1. In Step 1 the values x and q are calculated.
q = 2^x
q is greater than 2*n^2
2. In Step 2 the variables xn = x^a MOD n are calculated for a going from 0 to q-1. Each of variables xn are stored in the array sxn. sxn(a) = xn
For example in case of 5 and 11 array sxn contains the values:
1,13,4,52,16,43,9,7,36,28,34,2,26,8,49,32,31,18,14 and 17
For example sxn(9) = 28
The variables xn are also counted and stored in the array nxn. nxn(xn) = nxn(xn) + 1
For each xn a test is done to calculate if this particular xn is a stop sign.
This is done by comparing xn with all previous values xn (stored in sxn). When a match is found than xn is the stop sign.
Five tests are performed when a>0:
1. If xn = sxn(0)= 1 and a is even then Shor's Algorithm works. y = sxn(a/2). p = GCD(y-1,n). q = GCD(y+1,n)
2. Except if xn = sxn(0) = 1 and a is even and a = n-1 then n is prime number
3. Except if xn = sxn(0) = 1 and a is even and y = n-1 then Shor's Algorithm does not work. This is called Type 4. For example: Try 3 and 29
4. If xn = sxn(0) = 1 and a is odd then Shor's Algorithm does not work. This is called Type 3. For example: Try 5 and 29
5. If xn = sxn(1) then y = sxn(1). p = GCD(y,n). q = n/p. In this case there is no stop sign =1. This is called Type 2. For example: Try 5 and 19 or 3 and 5
6. If xn = sxn(aa) with aa>1 then y = sxn(aa). p = GCD(y,n). q = n/p. In this case there is no stop sign=1. This is called Type 5. For example: Try 2 and 18 or 2 and 54
This ends Shor's Algorithm simulation in 2 steps if both pm1>1 and pm2>1.
Step 2 terminates with a print out of a Frequency List i.e. all the values nxn which are greater than zero.
3. In Step 3 one of the values xn is selected.
As part of Step 3 a0 is calculated. a0 is the smallest value for which x^a0 Mod n = xn.
In order to calulate a0 the array sxn is used. See above.
For example in case xn=28 is selected then a0 is 9.
The total number of xn values is M as stored in the array nxn(xn).
4. In Step 4 FFT is performed and the result is stored in Register 1
The FFT is calculated for all values c going from 0 to q-1 in two ways: as tot1 and as tot2
First for each value of c the calculated state value tot1 is the sum of all values cos(2 * pi * r * c * d / q + w0) with d going from 0 to M-1 i.e. this is called a loop structure.
The Initial value of w0 is 2 * pi * a0 * c / q with a0 as calculated previous.
Secondly for each value of c the calculated state value tot2 is the sum of all values sin(2 * pi * r * c * d / q + w0) with d going from 0 to M-1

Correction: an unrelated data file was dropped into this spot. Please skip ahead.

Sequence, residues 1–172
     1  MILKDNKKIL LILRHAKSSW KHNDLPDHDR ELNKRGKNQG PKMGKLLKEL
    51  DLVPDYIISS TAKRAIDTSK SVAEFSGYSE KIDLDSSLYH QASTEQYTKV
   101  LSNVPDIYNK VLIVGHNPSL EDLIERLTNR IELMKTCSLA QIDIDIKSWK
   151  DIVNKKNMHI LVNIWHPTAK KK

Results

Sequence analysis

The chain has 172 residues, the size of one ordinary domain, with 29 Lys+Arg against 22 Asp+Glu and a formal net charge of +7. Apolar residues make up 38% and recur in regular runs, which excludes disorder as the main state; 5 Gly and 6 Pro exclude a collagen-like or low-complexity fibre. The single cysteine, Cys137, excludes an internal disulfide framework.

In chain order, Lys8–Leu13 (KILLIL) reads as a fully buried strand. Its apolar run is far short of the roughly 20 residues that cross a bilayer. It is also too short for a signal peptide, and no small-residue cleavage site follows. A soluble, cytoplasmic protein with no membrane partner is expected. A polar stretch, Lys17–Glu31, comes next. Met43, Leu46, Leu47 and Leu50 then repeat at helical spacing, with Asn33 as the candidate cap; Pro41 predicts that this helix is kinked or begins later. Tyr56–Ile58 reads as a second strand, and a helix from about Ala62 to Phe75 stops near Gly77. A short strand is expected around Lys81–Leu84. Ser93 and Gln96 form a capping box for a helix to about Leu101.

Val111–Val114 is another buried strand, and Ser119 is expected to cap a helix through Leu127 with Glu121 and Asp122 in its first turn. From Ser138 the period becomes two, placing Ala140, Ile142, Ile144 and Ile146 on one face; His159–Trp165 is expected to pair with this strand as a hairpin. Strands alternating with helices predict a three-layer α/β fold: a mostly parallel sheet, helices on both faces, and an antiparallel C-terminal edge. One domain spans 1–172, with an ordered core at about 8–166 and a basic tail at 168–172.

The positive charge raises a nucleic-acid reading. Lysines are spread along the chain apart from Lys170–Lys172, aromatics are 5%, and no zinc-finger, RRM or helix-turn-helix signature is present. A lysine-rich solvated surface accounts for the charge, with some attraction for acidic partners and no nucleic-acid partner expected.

The final state value tot as a function of c = SQR(tot1*tot1 + tot2*tot2)
However it is also possible to implement tot1 and tot2 each as one calculation. See Shor's Algorithm - FFT Optimisation for details.

Also the probability p(c) is calulated for all values c going from 0 to q-1
For each value of c the probability p(c) is also calclated in two ways as tot1 and tot2.

First calculated as tot1 as the sum of all values cos(2 * pi * r * c * d / q) with d going from 0 to M-1.
Secondly calculated as tot2 as the sum of all values sin(2 * pi * r * c * d / q) with d going from 0 to M-1.
The final sum tot (as a function of c) = SQR(tot1*tot1 + tot2*tot2)
However it is also possible to implement tot1 and tot2 each as one calculation. See Shor's Algorithm - FFT Optimisation for details.
Finally p(c) is calculated as sum * sum * 100 divided by q * M
At the end of step 4 the most probable values p(c) are printed as q * d / r for all d going from 0 to r. r is periodicity.
5. In Step 5 Register 1 is measured.
6. In Step 6 a continued Fraction Convergent is performed to find the periodicity. This terminates Shor's Algorithm Simulation.
At the end of the program first a classical factorization is performed by using a recursive subroutine FACTOR. Each time when FACTOR is called; FACTOR calculates one factor.
FACTOR consists of four parameters: n, n1, lc and level.
• n is the number that is factorized.
• n1 is a counter. The initial value is 1. The inner part of the subroutine consists of one LOOP. Each time when the LOOP is executed n1 is increased with 1 and a test is done if n1 is a whole divisor of n i.e. if n mod n1 is zero.
If this is true the new number n to factorize is equal to n/n1, n1 is saved in the array nxn, n1 is decreased with one and the subroutine FACTOR is called again.
If this is not the case a test is done if n1*n1 > n. If this is not the case the LOOP is executed again, else the LOOP terminates.
• lc is loop counter or step counter. Each time when the LOOP is performed this value is increased with one.
• level is a level counter. Each time when FACTOR is called this value is increased with one. The highest value is stored in maxlevel.
After FACTOR a test is done with maxlevel. When maxlevel is 1 then n is a prime number. When maxlevel is 2 n consists of two prime numbers. When maxlevel is > 2 the value n was in Error.

At the final end of the program factorization is done using Sieve algorithm.
For a description of Fermat's factoring method see: http://www.math.ksu.edu/math511/notes/925.html

### Reflection

1. The probability values for n=55 do not match the document as mentioned at the beginning of this page.

### Feedback

None

Created:13 December 2002
Updated:22 April 2003